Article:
Multilayer Tablets: Key Challenges and Trends

Experts in solid dosage discuss the formulation and manufacture of multilayer tablets.
Mar 01, 2012
By Pharmaceutical Technology Editors
Volume 2012 Supplement, Issue 2

Solid dosage forms are the most popular method of drug delivery and although tablets are widely established throughout the pharmaceutical industry, this doesn't mean it is an unmoving area. According to a recent Pharmaceutical Tehnology poll, manufacturers are seeking to reformulate or reinvent their currently marketed solid-dose products to both renew patents and improve efficacy (see Figure 1).

One possible way to achieve these goals is to reformulate tablets into more exotic forms such as multilayer tablets, fixed-dose combinations, and other innovative dosages.

Figure 1: Demand for reformulation (PharmTech poll).
Pharmaceutical Technology brought together experts in solid dosage for a special roundtable on the formulation and manufacture of multilayer tablets. We also spoke to researchers about fixed-dose combinations, an area that has raised controversy, regarding adverse effects. Participants in the roundtable include: Marcus Behrens, sales director at IMA Kilian; James Calvin, Elizabeth Companies; Doug Kirsch, Technical Service Manager at Natoli Engineering Company; and LakshmiDevi Ethirajan, Manager, Formulation Development at Tedor Pharma.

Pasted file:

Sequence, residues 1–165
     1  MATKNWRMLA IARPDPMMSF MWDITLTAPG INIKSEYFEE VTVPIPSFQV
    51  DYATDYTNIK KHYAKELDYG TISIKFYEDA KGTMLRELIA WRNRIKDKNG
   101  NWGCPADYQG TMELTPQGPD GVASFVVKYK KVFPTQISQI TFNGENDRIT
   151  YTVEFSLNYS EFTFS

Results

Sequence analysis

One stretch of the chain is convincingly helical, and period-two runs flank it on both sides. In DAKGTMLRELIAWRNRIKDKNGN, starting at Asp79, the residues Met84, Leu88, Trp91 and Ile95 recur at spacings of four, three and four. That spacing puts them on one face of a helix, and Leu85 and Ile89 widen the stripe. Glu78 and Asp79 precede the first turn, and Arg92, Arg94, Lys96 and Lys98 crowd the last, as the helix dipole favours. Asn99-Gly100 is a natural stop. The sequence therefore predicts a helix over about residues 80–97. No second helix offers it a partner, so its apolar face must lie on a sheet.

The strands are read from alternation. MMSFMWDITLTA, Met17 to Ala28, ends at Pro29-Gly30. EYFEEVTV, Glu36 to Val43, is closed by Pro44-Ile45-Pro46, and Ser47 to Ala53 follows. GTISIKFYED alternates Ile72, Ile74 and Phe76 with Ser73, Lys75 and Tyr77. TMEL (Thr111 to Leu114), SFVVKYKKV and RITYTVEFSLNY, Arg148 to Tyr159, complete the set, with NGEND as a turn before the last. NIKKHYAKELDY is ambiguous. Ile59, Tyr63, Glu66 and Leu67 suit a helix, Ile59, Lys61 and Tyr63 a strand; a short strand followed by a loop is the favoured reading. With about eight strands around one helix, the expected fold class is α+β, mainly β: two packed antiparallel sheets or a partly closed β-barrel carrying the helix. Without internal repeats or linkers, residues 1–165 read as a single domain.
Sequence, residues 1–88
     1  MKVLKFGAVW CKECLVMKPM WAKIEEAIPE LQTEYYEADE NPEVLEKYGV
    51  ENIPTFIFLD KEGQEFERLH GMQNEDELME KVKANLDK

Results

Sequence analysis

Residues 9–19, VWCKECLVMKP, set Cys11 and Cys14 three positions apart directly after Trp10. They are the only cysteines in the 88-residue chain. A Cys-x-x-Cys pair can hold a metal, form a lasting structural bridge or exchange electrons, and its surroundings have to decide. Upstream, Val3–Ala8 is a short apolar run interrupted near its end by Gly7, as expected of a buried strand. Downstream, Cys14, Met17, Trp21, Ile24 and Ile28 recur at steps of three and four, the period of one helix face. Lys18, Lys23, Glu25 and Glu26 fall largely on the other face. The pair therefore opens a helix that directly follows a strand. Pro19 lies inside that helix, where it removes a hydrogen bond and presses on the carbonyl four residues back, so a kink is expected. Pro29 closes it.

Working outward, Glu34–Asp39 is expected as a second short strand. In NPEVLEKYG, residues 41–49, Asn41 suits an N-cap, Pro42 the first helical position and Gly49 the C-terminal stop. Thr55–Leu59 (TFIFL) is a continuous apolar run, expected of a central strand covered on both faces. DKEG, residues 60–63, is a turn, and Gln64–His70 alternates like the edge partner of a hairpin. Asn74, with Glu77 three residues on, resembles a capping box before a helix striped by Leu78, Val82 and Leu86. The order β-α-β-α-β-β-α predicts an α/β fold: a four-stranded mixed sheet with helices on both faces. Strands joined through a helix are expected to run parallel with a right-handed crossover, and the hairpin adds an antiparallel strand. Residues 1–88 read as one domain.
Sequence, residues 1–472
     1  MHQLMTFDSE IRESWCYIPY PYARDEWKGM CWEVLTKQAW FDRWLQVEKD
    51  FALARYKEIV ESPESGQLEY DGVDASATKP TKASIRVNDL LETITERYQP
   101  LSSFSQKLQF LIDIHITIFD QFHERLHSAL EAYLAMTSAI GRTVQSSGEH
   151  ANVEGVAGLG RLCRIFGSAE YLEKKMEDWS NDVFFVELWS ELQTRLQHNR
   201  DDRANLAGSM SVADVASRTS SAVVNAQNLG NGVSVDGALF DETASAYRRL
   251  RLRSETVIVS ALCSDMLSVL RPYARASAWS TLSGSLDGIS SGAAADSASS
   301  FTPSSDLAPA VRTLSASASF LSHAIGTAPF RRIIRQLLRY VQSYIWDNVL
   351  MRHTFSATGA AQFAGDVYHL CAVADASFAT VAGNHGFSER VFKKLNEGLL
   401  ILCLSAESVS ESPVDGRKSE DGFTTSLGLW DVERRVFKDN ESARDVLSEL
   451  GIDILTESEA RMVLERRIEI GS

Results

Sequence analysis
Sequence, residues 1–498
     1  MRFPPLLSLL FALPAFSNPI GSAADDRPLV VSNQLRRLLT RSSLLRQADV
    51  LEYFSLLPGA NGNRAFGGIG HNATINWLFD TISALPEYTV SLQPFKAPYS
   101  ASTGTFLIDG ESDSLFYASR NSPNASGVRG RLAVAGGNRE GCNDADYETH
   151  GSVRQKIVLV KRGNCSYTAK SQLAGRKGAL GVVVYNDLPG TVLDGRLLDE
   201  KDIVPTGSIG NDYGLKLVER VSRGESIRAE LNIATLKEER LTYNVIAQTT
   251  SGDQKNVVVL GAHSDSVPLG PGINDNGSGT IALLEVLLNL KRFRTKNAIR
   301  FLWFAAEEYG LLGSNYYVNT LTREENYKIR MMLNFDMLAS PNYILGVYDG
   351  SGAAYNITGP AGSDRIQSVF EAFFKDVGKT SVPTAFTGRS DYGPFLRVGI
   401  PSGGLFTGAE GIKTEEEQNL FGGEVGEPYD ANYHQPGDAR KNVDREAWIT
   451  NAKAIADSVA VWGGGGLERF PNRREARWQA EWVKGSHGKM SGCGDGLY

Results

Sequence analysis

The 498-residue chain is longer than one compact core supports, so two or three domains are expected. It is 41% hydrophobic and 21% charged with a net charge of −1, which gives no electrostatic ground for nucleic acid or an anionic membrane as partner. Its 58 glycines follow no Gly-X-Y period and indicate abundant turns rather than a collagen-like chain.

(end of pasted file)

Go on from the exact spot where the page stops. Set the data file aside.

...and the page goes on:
Industry demand

PharmTech: How has demand for multilayer tablets altered in recent years? What factors have influenced this trend?

From left to right: Marcus Behrens (IMA Kilian), James Calvin (Elizabeth Companies), Doug Kirsch (Natoli); LakshmiDevi Ethirajan (Tedor Pharma) is not shown.
Behrens (IMA Kilian): Fixed-dose combination drugs are becoming increasingly popular, particularly as life-cycle management strategies seek to extend intellectual property and minimize generic exposure by creating an innovative dosage form. The multilayer tablet is a viable way to combine different actives for a synergic therapeutic effect, or different formulations of the same active in order to achieve a specific release profile. Furthermore, multilayer tablets can help avoid interactions between different drugs and optimize each formulation in terms of pharmacokinetics and manufacturability.

Calvin (Elizabeth Companies): The growth of high-potency and combination drug products over the last decade has made multilayer and tablet in tablet (core tablet) hot topics in the pharma industry. These novel delivery systems have been essential not only in formulating new products, but also in helping pharmaceutical companies to extend patents.

Ethirajan (Tedor Pharma): Among other advantages, triple-combination therapy in a single-dosage form is being used to promote better treatment adherence by providing a convenient single tablet. As well as increasing patient compliance, multilayer tablets can help to reduce the cost of medication.

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